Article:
Student loan refinancing is a hot topic in the news these days. Legislators are making proposals to bring refinancing in at the Department of Education, and a day doesn't go by without some big headline about soaring student debt levels. But is refinancing a good idea for everyone? That is a definitive no. So when does it make sense to do? Here are 5 reasons you may want to consider refinancing your student loans.
1. You want a lower interest rate.
If you have a private student loan or a federal PLUS loan, you may be paying a higher interest rate than what is in your best interest (pardon the pun!). Federal PLUS Loans had rates at 7.9% or 8.5% for years. You can consolidate them under the federal loan program, but that won't change your interest rate - only a refinance loan can do that.
Some private education loans have rates at 8 or 9%, sometimes north of 10%. If you want a better interest rate, which could potentially save you thousands of dollars in interest costs, then refinancing might be for you.
2. You have good credit.
So, you want a lower interest rate. The next question is can you get one? Like with all financial products, there is a big range out there on the market and what you qualify for will largely have to do with your credit. If you are often late on your bills, have filed for bankruptcy, or have gone in to default on any of your loans, you may not get approved for a refinancing loan. Even if you don't have any derogatory credit and you do get approved, the rate you receive may be based on your credit score (depending on the program - not all programs offer rates based on credit). The lower your credit score, the higher your interest rate.
3. You want to simplify your life.
If you have education loans with multiple lenders, refinancing can reduce the number of bills you have to pay. Just remember, taking a higher interest rate and worse terms isn't a good trade off for less bills so do your homework before you combine your loans.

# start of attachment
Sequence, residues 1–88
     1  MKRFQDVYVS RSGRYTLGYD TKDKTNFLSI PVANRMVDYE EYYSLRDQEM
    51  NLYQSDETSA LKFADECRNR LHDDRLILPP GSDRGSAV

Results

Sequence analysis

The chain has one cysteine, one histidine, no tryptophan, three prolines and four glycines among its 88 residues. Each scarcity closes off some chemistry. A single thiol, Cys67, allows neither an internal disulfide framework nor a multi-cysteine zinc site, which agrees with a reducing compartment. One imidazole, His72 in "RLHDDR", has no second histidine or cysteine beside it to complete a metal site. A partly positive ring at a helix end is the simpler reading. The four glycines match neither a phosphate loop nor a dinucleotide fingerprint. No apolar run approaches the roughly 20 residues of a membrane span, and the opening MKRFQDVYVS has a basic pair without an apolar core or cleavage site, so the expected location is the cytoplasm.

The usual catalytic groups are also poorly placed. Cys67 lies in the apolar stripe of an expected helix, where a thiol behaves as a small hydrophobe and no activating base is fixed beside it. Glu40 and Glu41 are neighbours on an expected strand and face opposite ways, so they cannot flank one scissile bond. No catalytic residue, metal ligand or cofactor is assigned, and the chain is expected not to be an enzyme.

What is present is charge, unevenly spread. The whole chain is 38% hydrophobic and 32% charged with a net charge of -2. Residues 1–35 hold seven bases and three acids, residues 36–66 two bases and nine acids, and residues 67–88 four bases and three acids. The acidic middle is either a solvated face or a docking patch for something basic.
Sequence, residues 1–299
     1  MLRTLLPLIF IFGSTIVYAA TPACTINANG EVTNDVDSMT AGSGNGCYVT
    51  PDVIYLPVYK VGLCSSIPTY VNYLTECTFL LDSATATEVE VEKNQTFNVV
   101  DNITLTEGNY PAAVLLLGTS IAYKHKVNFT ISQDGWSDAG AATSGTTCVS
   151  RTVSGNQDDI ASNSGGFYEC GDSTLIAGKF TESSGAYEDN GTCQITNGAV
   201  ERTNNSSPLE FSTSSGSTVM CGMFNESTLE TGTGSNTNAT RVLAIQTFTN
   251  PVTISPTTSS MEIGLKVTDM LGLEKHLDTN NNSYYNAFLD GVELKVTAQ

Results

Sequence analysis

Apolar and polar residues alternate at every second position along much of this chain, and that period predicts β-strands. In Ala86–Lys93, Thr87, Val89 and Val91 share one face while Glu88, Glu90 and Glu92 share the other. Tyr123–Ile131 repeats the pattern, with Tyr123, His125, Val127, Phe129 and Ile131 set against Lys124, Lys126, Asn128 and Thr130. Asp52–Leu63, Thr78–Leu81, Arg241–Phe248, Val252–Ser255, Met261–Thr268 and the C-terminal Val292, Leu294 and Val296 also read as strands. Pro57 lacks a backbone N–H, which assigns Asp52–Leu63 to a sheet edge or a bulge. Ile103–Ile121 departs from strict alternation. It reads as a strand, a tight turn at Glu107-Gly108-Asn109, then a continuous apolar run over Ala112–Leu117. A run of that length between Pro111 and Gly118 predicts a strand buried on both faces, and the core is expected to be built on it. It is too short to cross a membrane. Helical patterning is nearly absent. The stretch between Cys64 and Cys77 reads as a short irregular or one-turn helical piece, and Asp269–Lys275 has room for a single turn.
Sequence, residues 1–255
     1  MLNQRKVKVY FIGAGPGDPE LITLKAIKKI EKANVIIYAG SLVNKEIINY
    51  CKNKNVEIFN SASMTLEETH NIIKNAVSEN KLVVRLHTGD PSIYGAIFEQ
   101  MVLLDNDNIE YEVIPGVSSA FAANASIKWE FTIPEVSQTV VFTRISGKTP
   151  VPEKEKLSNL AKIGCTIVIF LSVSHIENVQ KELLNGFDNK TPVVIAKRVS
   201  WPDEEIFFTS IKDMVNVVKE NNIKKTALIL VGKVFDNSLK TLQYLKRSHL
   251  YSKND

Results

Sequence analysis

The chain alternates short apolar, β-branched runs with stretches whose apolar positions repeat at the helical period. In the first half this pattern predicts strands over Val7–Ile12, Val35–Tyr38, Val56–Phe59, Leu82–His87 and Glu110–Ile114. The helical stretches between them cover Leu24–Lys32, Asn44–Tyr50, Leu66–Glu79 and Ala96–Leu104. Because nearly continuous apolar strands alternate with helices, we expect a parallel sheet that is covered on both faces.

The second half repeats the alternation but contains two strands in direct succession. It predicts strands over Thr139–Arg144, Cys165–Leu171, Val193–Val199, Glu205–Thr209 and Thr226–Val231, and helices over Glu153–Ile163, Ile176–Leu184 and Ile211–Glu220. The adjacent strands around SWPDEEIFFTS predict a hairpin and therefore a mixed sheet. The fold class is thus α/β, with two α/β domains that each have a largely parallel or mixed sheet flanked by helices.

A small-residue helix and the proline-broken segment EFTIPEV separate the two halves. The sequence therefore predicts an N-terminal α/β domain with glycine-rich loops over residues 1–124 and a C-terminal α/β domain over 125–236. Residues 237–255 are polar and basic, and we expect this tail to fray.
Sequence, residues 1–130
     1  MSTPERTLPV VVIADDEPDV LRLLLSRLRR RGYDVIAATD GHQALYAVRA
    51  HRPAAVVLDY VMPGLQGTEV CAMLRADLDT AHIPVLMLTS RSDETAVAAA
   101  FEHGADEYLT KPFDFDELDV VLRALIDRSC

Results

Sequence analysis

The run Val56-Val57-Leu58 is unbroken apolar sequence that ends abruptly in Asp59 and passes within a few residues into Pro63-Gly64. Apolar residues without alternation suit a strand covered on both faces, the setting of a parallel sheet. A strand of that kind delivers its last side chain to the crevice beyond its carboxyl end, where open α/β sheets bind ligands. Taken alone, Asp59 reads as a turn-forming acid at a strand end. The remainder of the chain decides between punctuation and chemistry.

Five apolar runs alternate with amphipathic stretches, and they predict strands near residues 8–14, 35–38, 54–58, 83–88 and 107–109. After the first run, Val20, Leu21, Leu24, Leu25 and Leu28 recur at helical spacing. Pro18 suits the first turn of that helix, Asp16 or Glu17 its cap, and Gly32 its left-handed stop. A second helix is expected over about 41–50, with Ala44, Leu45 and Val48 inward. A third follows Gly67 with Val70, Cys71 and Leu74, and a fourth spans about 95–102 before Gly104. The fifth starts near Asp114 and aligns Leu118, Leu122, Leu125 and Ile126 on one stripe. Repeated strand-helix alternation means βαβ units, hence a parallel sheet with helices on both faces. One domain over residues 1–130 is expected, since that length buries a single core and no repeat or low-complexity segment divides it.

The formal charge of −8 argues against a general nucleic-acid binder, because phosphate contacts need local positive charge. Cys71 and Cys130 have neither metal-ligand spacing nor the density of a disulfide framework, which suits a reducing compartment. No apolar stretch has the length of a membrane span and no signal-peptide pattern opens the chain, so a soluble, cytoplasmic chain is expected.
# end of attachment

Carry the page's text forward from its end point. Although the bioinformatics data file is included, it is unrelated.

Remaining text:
4. You want to shift responsibility.
Maybe you are a cosigner on a loan - or you have a cosigner - and you want to shift primary responsibility of the loan to the other signor. You may be able to do this through your current lender's cosigner release program (if there is one) but sometimes a single late or missed payment can disqualify you. If you want the obligation released from your credit, the other party on the loan may be able to refinance the loan under their own name (with or without another cosigner) and you will no longer be responsible for the loan.
5. You don't think you'll take advantage of federal benefits.
At RISLA, we most often recommend that students don't refinance their federal subsidized and unsubsidized loans (Stafford) or Perkins loans. In our opinion, there are simply too many great benefits on these loan products - benefits that will cease to exist if the loans are refinanced with a non-federal lender (you can consolidate these loans under the Federal Direct Consolidation Loan program and keep your benefits).
Some borrowers believe they will never take advantage of these benefits: they have a very secure job; high pay; etc. and would rather take the risk with the benefits to simplify life and possibly even reduce their interest rate. If you fall into this category, refinancing might be for you. Just proceed with extreme caution and make sure you are very aware of what benefits you will lose if you take this route. There is no turning back once you refinance your federal student loans.
In a nutshell...
Think refinancing might be for you? Your first step should be to shop around! Explore the lenders out there that offer refinancing loans. Investigate the interest rates, fees, benefits, and terms of the programs. Apply and compare rates. Know you have the right to cancel your application after you receive your rate if you don't like what you receive. And good luck!
Interested in seeing what you could save with a RISLA Refinance Loan?